The inscriptions clarify the nature of the subject: the Malta dynasty is the protagonist of the painting, one of the most important Jewish families both in and outside of the Venetian Ghetto. A family that is known since the mid 17th century[v] and that is recorded among the “wealthy” merchants in the 1797 census, at the end of the republic and hence at the end of the Jewish segregation[vi] (ten years later, in 1807, their gondola participated to the regatta organized for the arrival of Napoleon in the Venetian lagoon). Given the current state of studies it is not possible to undoubtedly identify the three figures – although it is suggestive to think that the boy might be Gabriel Malta, often mentioned in the local news at the beginning of the 19th century –, nor have other pieces of information on the civil trial whose result is depicted on the canvas. Nonetheless, it seems that this trial took place when relations between the Venetian patriciate and the magnates of the Ghetto were very tense: at the beginning of the 1770s a series of laws intended to affect the economy of the Jewish minority had forced many merchants of the ghetto to smuggle on the mainland, causing in the city a substantial deflation; this nurtured the subtle hate of the Venetian merchants and the patriciate, and a new strongly legislation that limited and segregated the Jews was approved (the famous 1777 ricondotta). Besides, most of the Great Council was made of the so-called Novatori – the group Querini and Calbo were part of –, radical extremists clearly with strong anti-Jewish feelings who wanted Jews to leave Venice and strongly supported assets trials on behalf of the state. Things changed under doge Paolo Renier (1779-1789) when it became clear that the economic activities of the Ghetto were a fundamental part of the economy of the Venetian state and that therefore had to be protected. Certainly at the end of the 1770s many Jewish merchants in Venice had to invoke Fortuna to protect their assets.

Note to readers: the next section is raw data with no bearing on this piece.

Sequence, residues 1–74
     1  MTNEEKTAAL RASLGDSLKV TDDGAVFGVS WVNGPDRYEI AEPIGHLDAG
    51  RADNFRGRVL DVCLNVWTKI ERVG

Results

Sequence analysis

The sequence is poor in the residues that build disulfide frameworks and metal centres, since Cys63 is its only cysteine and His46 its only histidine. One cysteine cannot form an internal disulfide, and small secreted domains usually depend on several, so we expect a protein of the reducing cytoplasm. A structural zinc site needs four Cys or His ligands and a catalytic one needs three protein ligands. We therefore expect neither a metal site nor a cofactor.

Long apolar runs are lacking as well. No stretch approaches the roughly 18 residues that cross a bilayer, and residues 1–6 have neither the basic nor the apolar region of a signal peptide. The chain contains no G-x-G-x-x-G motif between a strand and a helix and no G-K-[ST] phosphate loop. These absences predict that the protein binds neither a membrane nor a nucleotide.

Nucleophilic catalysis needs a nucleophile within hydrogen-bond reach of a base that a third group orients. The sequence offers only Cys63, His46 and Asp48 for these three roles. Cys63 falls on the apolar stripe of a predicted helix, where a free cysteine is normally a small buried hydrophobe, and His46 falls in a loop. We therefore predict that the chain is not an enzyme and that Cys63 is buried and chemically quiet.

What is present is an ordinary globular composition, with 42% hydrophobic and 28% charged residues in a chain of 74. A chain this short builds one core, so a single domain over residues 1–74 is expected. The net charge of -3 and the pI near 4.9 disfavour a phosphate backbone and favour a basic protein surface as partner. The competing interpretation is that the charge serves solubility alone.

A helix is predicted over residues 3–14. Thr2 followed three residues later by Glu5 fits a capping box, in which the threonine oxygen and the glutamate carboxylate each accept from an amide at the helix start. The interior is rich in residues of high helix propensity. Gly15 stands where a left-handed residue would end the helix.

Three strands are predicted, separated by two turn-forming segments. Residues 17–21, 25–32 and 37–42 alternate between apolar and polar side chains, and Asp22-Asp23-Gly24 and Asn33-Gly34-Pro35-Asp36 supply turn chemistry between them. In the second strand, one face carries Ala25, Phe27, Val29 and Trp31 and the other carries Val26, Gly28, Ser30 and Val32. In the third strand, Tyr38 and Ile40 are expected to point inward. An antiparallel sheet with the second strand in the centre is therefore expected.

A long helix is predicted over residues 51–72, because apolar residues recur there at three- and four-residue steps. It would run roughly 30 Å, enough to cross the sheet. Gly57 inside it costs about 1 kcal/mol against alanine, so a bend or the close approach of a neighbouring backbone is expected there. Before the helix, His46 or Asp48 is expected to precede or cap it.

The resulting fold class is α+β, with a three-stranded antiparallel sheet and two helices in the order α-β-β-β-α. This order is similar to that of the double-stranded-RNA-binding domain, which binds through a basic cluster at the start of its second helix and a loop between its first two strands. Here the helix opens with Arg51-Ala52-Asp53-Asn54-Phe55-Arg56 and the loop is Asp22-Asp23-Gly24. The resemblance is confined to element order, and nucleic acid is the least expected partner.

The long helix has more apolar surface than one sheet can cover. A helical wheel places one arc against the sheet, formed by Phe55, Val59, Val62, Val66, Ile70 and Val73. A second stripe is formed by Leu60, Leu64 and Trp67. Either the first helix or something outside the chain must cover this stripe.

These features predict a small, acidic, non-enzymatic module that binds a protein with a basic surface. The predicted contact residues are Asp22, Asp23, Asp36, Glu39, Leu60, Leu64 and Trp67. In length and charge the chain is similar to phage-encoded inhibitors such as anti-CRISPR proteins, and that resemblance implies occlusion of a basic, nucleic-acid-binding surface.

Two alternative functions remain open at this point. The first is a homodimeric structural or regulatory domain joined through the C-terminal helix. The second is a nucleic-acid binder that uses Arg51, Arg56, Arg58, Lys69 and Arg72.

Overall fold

Therefore our painting attests to an important historical phase: while throughout Europe the enlighten policy of the princes, who followed the advices of the philosophes, had opened the gates of the city ghettos and cancelled any kind of segregation as heritage of a past of barbarity, in Venice the most noble families sheltered themselves to protect privileges of the middle ages, persisting in hating the Jews with the absurd presumption that harassing laws against them would favour local merchants. As Morandotti suggested this canvas is therefore a secular ex-voto, most likely commissioned by the Malta family itself to document one of the most difficult moment if the life of their community (and the fact that the painting was later part of the collection of another famous family of the Venetian Ghetto, the Romanin Jacur, confirms the importance of keeping the memory of local events alive). Another splendid anomaly of the great story of social redemption depicted in the painting is that the painter chosen for this canvas is one of the most famous Venetian masters of the 18th century – in a very successful phase of his career as the famous Caffè attests to it (this painting was previously part of a private Collection in Florence) [vii], not by accident used as a term of comparison for our canvas: Venice was not only the city of people like Querini and Calbo, a place infected for centuries with anti-Judaism; Venice was above all a state whose tribunals could demand justice for the weakest, despite the arrogance of the patriciate; and Venice is the homeland of Longhi, responsible to tell, with his usual wit, this important episode of the life of the city. In a historical moment when society and its leaders seem to be trapped in a spiral of regression and incivility, art and its protagonists have to lead the way towards the redemption and the beginning of a bright era with equal human rights for all mankind.
[i] A. Morandotti, Mostra di pittura veneziana del Settecento. Catalogo, catalogue of the exhibition, Rome 1941, p. 54, n. 52.
[ii] V. Moschini, Pietro Longhi, Milan 1956, p. 38.
[iii] T. Pignatti, Pietro Longhi, Venice 1968, p. 95.
[iv] T. Pignatti, L’opera completa di Pietro Longhi, Milan 1974, p. 103, n. 225.
[v] For a brief note on some members of the family between the 17th and 18th century see: La comunità ebraica di Venezia e il suo antico cimitero, by A. Luzzato, Milan 2000, I, p. 355.
[vi] R. Calimani, Storia del ghetto di Venezia 1516-2016, Milan 2016. From the police reports we know that in 1761 the Maltas have been indicated as usurers (the most “stochegianti” in all Venice): P. Preto, I servizi segreti di Venezia. Spionaggio e controspionaggio ai tempi della Serenissima, Milan 2010, p. 547.
[vii] R. Longhi, Viatico per cinque secoli di pittura veneziana, Florence 1946, p. 161; Pignatti cit., 1968, p. 87, tav. 274.